The Jazz.com Blog
July 08, 2008 · 4 comments
Today Blue Note releases an unusual collaboration between Wynton Marsalis and Willie Nelson. The CD, entitled Two Men With the Blues, represents a unique moment in both artists’ careers, and spurs some reflection on the rich history of jazz-and-country collaborations.
Well, to be honest, this history is not very rich. Jazz and country stars rarely meet up – not in the saddle, not in the saloon, and certainly not in the recording studio. You probably never really considered Willie Nelson a likely Blue Note recording artist. Close your eyes and try to picture Willie hanging out with Rudy Van Gelder in Englewood Cliffs, New Jersey.
Nope, I can’t either.
But don’t underestimate Mr. Nelson, who has made a career out of breaking through stereotypes and genre clichés. Check out his “almost lost” reggae sessions or his recording of Gospel Favorites to get an idea of this artist’s willingness to stake out new territory. Of course, Nelson’s Stardust is one of the best selling albums of American popular song standards ever recorded.
There are a small number of happy precedents for the Marsalis-Nelson collaboration. Back in 1930, Louis Armstrong got together with country legend-in-the-making Jimmie Rodgers to record a memorable blues. This song, a rarity in both artists’ discographies, is especially noteworthy for Armstrong’s decision to play an under-stated solo that reminds us of the work of his mentor Joe ‘King’ Oliver. Rodgers, for his part, was an effective blues singer . . . and could yodel much better than Bessie Smith. This collaboration promised a glorious future for the union of jazz and country.
Ah, that promise has rarely been realized in later years. Listen to Bing Crosby tackle “The Last Roundup” three years later, and it's hard to keep a straight face. (To give Crosby his due, he did a better job with country songs in other settings.) Most of the leading jazz singers simply avoided material of this sort. The vocalist with the greatest potential to bridge the worlds of jazz and country, Ray Charles, never really committed to either camp, although he lingered in both. Charles’s personal reinvention of country music shows how African-American currents could invigorate the Nashville sound, yet his work in this vein stands out mostly as a curio in the annals of American musical history.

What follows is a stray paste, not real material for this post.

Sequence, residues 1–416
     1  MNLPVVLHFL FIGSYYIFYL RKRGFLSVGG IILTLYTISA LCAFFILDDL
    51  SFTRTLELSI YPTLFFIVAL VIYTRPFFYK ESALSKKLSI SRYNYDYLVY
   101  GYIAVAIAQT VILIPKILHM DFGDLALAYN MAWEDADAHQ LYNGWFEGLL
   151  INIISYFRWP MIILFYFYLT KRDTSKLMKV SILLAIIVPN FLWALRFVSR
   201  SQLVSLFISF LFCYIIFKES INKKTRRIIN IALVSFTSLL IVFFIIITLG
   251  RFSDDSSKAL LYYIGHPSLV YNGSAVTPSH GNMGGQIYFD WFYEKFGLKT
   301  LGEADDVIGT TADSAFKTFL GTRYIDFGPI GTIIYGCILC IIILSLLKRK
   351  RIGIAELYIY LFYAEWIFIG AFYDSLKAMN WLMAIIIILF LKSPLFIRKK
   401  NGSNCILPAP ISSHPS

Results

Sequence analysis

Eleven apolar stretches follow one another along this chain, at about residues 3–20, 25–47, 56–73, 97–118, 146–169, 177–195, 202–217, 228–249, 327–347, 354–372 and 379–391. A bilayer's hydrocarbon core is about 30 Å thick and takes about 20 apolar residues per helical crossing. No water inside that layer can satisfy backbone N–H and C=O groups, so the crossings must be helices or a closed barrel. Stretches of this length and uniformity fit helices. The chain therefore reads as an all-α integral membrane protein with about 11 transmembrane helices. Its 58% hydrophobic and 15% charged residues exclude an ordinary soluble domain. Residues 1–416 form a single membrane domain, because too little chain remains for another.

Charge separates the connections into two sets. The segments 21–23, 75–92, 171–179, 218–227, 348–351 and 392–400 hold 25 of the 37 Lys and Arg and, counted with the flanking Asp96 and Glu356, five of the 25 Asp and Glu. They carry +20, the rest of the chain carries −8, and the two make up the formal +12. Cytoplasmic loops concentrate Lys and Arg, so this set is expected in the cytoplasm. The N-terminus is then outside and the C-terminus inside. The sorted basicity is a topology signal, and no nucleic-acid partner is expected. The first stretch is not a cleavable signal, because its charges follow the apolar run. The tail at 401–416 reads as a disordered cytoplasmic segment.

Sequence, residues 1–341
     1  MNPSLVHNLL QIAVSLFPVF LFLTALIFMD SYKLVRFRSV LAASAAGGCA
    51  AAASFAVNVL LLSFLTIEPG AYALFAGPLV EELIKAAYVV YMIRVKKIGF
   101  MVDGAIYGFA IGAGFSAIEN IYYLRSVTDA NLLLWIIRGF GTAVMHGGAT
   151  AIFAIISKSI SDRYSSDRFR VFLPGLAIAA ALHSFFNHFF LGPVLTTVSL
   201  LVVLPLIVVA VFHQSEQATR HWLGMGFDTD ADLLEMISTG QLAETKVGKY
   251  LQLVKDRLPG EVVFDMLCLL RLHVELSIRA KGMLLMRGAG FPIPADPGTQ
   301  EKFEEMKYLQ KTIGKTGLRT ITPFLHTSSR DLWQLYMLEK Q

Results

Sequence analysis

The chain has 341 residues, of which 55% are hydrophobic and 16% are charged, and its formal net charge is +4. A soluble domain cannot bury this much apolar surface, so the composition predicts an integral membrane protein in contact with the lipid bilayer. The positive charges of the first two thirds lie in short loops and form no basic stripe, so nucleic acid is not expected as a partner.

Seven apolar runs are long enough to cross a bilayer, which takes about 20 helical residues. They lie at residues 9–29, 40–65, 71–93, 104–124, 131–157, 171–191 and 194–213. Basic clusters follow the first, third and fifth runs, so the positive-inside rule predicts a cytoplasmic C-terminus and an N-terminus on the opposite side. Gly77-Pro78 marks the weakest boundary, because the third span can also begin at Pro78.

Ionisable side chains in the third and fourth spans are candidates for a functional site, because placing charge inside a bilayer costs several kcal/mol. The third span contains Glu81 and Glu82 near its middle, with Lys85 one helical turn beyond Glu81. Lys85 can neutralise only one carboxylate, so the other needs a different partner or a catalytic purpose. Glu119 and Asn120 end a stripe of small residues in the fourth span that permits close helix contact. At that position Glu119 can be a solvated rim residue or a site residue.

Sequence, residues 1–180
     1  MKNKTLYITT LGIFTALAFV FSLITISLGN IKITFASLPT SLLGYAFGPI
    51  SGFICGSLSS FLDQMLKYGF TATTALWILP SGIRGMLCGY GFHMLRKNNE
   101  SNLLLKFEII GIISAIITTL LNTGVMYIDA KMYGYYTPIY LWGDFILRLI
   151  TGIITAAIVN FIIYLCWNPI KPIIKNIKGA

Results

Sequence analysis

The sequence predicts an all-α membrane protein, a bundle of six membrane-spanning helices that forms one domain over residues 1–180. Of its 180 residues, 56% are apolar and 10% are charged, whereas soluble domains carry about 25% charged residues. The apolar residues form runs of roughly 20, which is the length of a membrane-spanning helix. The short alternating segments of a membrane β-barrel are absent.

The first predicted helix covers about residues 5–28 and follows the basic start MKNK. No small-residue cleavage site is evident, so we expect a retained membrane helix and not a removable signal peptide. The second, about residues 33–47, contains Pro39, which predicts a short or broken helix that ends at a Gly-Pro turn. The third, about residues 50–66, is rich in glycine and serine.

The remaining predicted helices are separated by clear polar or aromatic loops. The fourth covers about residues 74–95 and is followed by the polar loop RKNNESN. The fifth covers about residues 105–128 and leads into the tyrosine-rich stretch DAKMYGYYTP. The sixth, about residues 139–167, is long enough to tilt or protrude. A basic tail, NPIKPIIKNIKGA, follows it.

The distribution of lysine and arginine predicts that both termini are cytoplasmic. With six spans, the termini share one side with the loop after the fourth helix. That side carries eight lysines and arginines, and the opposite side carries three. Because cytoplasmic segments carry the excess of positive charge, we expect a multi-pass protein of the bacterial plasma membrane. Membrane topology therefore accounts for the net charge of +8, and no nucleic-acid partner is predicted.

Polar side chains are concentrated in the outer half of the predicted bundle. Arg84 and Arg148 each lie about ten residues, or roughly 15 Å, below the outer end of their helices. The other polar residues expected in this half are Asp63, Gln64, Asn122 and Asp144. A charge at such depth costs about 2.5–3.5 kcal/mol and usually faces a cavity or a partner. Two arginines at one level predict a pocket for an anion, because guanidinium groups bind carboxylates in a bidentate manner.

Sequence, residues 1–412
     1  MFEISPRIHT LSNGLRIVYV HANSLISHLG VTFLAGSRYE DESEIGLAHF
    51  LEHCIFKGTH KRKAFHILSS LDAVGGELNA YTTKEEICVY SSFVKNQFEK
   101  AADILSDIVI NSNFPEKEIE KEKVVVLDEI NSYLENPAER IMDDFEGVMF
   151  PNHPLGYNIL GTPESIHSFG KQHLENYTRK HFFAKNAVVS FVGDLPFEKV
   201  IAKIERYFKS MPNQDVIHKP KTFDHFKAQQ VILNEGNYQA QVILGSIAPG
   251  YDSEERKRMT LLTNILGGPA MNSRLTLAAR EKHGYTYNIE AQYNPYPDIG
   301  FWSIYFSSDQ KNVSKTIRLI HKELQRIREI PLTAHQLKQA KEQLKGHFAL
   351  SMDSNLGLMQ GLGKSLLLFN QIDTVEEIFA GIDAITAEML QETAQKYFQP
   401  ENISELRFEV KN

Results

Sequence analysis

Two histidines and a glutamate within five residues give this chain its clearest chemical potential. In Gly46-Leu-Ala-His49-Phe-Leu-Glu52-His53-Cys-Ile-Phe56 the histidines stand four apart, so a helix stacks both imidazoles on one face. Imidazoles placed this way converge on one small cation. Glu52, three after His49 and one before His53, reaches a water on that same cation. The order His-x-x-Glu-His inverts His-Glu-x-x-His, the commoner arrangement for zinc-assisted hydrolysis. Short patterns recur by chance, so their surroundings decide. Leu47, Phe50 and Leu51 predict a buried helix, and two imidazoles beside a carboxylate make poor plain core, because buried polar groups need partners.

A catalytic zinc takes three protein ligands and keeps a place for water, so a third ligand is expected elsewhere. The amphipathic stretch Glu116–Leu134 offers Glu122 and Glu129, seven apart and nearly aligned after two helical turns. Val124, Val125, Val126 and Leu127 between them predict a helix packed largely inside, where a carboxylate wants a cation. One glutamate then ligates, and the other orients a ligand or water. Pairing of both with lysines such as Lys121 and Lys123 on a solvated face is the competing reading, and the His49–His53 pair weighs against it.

The single most promising movement to merge country and jazz remains the Western Swing craze of the 1940s. Bob Wills “New San Antonio Rose,” from the start of the decade, was a million seller, and inspired follow-up hits by Wills and a host of imitators. This style effortlessly blended down-home fiddlin’ with big band swingin’, and with so much success that exciting new developments seemed just around the corner. If big band jazz could merge with country music, what about country hard bop or Nashville cool jazz or other hybrids of this sort? Western Swing pointed to an exciting new union between the jazz and country traditions -- something more than just a passing fad or short-lived novelty sound.
Yet this style faded from the scene during the Truman administration. No, not completely . . . its lingering influence can still be occasionally felt in a later recording. But, for all intents and purposes, its promise of a world-changing détente between two very different musical styles was never completely realized.
By the time Louis Armstrong recreated his Jimmie Rodgers collaboration forty years later, on October 28, 1970, with Johnny Cash (you can watch it on video here), things had hardly progressed much beyond where they stood back in 1930. The 1970s would prove to be a great period of jazz fusion, but the fusion would be with rock and not country. Yet one wonders what might have happened if Miles had concocted Bitches Moonshine instead of Bitches Brew; if John McLaughlin had moved to Nashville for a year; or if Joe Zawinul and Wayne Shorter had invited Chet Atkins to join Weather Report. (Okay, I'm kidding . . . but not entirely.)
Now we have one more intriguing collaboration between jazz and country, with the most famous exponent of each style stepping forward to share the same stage. The results are . . . surprisingly entertaining, and very relaxed. Hearing Nelson and Marsalis together is “good fun” (as my British friends would say). And as some of you may remember, I have long been an advocate of the “Fun Principle” in jazz (see my more philosophical comments on the subject here). There are no hidden agendas, or unhidden agendas here – just two artists letting loose and having a good time. And that, after all, was the starting point for both the jazz and country traditions. It only got heavier and heavier with the weight of the passing decades.
Too bad this CD didn’t come out in time for Fourth of July. I would have recommended it for the holiday BBQ. But it’s never too late for fun. With that in mind, “Stardust,” from the new Wynton Marsalis and Willie Nelson CD, has been selected as the Song of the Day at jazz.com. Read the full review here.
This blog entry posted by Ted Gioia.
Tags: cowboy jazz